In the zinc study, published in the journal Pharmacological Reports, researchers followed about 60 pregnant women, each of whom took a daily standard-dose multi-vitamin, plus magnesium and zinc through childbirth. One month prior to giving birth, doctors measured blood-fluid (serum) levels of nutrients and administered a depression questionnaire and found that women with mild symptoms of depression also had low serum levels of zinc.
Scientists repeated the nutrition and depression tests at three days and 30 days after birth and found that depression symptoms decreased 31% and serum zinc levels increased 19% between the 3rd and 30th days. Doctors noted that zinc levels were equally low one month before birth and three days after birth, while magnesium levels did not change significantly at any time during the study.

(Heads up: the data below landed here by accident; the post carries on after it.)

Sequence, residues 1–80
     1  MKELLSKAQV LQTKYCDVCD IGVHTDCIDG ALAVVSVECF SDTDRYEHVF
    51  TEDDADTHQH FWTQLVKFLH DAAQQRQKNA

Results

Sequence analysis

Scientists are developing a new field of study, psychoneuroimmunology or PNI, which examines how the brain interacts with the hormone, immune and nervous systems to maintain health. In a new review of PNI research, doctors found a connection between depression and inflammation. “The old paradigm described inflammation as simply one of many risk factors for depression,” stated lead researcher Kathleen A. Kendall-Tackett. “These recent studies… [indicate] inflammation is not simply a risk factor; it is the risk factor that underlies all the others,” the doctor said.
Women in the last three months (trimester) of pregnancy are particularly vulnerable to inflammation, when white blood cells—part of the immune system—produce greater amounts of an inflammatory protein called a cytokine. This is also a high-risk time for depression, according to Dr. Kendall-Tackett, who advises new mothers to exercise, which lowers stress; to breastfeed, which reduces cytokines; and to take omega-3 fatty acids, which reduce inflammation.